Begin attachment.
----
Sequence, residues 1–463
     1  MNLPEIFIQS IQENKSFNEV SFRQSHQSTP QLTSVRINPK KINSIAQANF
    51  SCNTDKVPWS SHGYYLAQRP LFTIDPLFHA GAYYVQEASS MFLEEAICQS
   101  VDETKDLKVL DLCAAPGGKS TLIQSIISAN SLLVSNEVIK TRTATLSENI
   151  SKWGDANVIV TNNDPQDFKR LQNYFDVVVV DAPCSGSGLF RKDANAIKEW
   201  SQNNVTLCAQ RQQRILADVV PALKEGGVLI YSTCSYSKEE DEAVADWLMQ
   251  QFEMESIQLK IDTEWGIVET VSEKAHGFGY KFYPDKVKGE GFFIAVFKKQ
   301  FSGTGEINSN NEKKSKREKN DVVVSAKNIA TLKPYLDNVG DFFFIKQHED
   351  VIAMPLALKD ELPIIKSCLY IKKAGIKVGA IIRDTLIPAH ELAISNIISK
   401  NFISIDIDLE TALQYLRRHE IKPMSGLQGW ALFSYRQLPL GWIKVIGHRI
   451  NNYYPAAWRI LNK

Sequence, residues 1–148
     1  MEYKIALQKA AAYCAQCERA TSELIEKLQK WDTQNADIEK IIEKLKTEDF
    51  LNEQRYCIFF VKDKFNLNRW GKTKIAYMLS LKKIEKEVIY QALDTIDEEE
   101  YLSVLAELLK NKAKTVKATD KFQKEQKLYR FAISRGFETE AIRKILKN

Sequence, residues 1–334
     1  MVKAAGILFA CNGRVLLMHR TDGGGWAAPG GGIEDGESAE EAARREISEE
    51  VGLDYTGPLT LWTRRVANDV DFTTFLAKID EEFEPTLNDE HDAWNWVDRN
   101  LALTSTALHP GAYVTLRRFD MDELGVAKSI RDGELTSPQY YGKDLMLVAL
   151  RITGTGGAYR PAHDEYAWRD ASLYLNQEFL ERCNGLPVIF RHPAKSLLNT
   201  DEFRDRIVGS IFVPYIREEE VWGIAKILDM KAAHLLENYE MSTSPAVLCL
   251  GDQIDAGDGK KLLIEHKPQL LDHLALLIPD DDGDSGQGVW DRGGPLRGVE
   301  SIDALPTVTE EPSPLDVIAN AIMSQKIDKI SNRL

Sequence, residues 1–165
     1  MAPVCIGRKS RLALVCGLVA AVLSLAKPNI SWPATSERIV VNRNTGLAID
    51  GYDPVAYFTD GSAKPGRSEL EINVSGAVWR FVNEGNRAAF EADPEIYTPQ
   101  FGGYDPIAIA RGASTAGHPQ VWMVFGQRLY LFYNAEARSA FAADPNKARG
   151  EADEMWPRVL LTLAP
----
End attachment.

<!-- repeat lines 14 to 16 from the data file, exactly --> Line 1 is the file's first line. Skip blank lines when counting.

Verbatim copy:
    51  LNEQRYCIFF VKDKFNLNRW GKTKIAYMLS LKKIEKEVIY QALDTIDEEE
   101  YLSVLAELLK NKAKTVKATD KFQKEQKLYR FAISRGFETE AIRKILKN

Sequence, residues 1–334